Tuesday, March 16, 2010

3/9/10 - Cider Brined Chicken

Even on work nights, roasting a chicken is do-able as long as you have prepped in advance. I brined this chicken overnight and then stuffed it with citrus, garlic and herbs, then trussed it and rubbed it down with olive oil and herbs de Provence before sticking it into a 400F oven for an hour (and then at 350F for another hour).

This was my first time making this particular wild rice blend ( from Trader Joe's) which was a interesting black grain that had a great taste and texture. Since our guests are not the biggest vegetable fans I stuck with a simple string bean which was better received than the squash I served last visit.

The gravy was made using the dripping from the roasting pan (which I poured into a small sauce pan so it was easier to handle), the juice from the meat when I cut it, about 1 c of apple cider and seasoned with finely diced shallots, sage, herbs de Provance and salt & pepper with a sprinkle of Wondra flour to thicken it up.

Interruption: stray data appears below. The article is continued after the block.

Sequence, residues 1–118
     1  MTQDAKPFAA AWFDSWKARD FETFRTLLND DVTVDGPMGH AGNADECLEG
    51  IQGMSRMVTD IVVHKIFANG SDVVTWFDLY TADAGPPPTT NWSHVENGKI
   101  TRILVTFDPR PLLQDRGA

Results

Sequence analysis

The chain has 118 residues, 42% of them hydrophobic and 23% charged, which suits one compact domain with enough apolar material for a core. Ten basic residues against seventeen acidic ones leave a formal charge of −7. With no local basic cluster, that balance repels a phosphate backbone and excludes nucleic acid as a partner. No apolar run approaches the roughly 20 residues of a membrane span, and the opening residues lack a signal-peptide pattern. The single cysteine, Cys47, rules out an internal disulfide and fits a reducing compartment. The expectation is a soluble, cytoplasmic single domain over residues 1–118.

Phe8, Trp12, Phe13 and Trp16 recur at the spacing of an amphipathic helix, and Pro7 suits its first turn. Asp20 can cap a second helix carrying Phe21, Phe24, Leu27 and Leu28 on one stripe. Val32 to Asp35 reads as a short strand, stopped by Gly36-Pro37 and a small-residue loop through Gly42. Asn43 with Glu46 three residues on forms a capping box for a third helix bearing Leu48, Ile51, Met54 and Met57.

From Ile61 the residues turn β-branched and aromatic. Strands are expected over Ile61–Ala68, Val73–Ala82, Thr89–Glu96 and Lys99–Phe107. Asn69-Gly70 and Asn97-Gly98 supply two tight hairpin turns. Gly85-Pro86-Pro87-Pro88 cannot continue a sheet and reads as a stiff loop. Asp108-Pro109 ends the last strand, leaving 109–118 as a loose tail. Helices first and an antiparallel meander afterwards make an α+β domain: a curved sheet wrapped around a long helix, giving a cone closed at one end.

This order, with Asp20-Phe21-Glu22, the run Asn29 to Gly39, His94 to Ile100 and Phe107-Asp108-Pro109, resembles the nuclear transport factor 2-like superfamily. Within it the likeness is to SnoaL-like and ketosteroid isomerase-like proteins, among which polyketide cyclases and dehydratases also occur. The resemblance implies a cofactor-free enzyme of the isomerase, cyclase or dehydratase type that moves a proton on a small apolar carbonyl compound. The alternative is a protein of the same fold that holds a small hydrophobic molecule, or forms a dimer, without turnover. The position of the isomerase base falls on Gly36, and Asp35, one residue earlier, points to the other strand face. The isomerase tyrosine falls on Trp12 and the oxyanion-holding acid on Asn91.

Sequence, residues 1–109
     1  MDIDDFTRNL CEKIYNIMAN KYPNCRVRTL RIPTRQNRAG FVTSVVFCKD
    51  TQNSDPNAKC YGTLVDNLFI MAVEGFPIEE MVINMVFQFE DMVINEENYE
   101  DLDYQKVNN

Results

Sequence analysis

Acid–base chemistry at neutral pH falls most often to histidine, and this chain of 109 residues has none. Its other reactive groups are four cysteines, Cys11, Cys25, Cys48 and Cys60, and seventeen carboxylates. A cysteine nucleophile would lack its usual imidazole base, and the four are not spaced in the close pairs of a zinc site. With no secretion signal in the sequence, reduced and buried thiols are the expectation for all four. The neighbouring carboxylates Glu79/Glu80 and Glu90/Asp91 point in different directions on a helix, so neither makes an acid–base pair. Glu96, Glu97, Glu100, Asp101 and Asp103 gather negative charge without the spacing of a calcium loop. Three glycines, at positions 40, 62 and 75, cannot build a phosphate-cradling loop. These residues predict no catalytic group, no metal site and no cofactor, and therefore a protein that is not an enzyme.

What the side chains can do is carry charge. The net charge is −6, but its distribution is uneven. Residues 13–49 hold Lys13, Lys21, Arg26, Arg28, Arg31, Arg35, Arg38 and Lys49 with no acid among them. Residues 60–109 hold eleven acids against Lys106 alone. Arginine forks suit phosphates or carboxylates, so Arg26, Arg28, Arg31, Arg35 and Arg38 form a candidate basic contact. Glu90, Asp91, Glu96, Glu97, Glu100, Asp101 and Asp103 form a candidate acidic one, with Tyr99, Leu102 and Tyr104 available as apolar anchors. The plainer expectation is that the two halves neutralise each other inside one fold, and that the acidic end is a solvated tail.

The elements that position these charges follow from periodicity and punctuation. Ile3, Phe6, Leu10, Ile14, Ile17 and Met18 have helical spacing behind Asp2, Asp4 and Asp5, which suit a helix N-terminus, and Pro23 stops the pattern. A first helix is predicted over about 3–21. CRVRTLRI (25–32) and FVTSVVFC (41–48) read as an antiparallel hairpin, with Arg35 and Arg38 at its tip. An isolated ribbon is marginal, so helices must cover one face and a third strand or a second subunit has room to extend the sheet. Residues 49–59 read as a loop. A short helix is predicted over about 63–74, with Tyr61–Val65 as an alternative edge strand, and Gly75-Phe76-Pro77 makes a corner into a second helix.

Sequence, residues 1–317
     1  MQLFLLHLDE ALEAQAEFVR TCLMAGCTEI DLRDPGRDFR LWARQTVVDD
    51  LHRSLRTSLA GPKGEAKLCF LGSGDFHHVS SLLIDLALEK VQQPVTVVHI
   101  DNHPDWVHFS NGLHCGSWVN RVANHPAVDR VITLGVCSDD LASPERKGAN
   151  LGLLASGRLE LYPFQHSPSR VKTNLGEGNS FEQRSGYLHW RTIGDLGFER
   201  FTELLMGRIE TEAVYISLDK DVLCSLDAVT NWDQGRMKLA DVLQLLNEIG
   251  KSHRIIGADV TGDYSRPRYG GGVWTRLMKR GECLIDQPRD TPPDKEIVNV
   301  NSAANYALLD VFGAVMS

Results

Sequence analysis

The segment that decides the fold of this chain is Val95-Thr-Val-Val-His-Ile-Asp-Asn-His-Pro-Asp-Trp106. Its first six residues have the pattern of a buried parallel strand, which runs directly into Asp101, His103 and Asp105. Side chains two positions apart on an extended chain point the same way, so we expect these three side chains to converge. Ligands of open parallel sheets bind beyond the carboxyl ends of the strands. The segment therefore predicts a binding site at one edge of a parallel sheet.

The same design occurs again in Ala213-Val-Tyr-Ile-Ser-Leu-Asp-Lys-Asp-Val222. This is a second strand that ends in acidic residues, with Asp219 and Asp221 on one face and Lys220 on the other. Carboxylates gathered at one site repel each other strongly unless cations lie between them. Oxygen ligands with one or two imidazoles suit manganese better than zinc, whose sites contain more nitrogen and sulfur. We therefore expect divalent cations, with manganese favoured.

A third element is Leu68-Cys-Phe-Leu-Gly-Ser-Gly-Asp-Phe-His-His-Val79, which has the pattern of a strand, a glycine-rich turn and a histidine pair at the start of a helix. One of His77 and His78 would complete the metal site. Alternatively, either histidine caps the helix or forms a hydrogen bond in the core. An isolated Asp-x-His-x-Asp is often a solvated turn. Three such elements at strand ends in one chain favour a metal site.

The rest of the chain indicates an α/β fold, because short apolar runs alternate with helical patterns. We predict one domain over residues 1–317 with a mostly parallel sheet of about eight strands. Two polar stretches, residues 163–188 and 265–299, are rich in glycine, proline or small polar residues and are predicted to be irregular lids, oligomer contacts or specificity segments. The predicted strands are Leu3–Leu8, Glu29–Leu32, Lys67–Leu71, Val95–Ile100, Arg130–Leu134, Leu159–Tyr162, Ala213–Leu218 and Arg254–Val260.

Danielle said...

This could be good. What did you brine in and where does the cider come in? Am I just being dense? It's definitely a possibility :).

Carla said...

don't worry about it Danielle... this is the second or third time I have posted this one so I didn't include a ton of info (I love this recipe so you'll probably see it again too!)

here is the original post with more details http://carlastastytreats.blogspot.com/2009/09/91309-cider-roasted-chicken.html

basically I use about 2 c each apple cider & water along with a 1/4 c of kosher salt, bay leaves, peppercorns and herbs (parsley) to brine the chicken overnight. I generally brine my chickens in a 2 gal zip top bag places inside a large bowl (to hold it upright)

After brining, I rinse the chicken and stuff it with a quartered orange, more herbs (parsley, thyme, etc) and garlic then truss it. Finally I rub it down with oil and herbs and then stick it in the oven

if you need more info let me know! this tastes so good its worth the extra steps!

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